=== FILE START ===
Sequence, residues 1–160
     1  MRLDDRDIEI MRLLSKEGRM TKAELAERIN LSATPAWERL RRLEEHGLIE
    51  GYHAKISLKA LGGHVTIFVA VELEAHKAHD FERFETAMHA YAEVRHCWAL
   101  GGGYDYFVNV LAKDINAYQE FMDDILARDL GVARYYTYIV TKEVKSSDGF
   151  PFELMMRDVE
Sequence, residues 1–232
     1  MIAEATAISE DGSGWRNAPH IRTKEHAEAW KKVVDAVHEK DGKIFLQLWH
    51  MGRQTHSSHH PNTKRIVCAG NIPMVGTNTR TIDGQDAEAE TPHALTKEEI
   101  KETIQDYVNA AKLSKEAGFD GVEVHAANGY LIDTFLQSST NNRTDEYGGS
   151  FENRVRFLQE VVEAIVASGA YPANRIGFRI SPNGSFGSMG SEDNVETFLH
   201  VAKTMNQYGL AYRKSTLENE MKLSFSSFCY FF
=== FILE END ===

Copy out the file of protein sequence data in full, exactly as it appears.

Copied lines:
Sequence, residues 1–160
     1  MRLDDRDIEI MRLLSKEGRM TKAELAERIN LSATPAWERL RRLEEHGLIE
    51  GYHAKISLKA LGGHVTIFVA VELEAHKAHD FERFETAMHA YAEVRHCWAL
   101  GGGYDYFVNV LAKDINAYQE FMDDILARDL GVARYYTYIV TKEVKSSDGF
   151  PFELMMRDVE
Sequence, residues 1–232
     1  MIAEATAISE DGSGWRNAPH IRTKEHAEAW KKVVDAVHEK DGKIFLQLWH
    51  MGRQTHSSHH PNTKRIVCAG NIPMVGTNTR TIDGQDAEAE TPHALTKEEI
   101  KETIQDYVNA AKLSKEAGFD GVEVHAANGY LIDTFLQSST NNRTDEYGGS
   151  FENRVRFLQE VVEAIVASGA YPANRIGFRI SPNGSFGSMG SEDNVETFLH
   201  VAKTMNQYGL AYRKSTLENE MKLSFSSFCY FF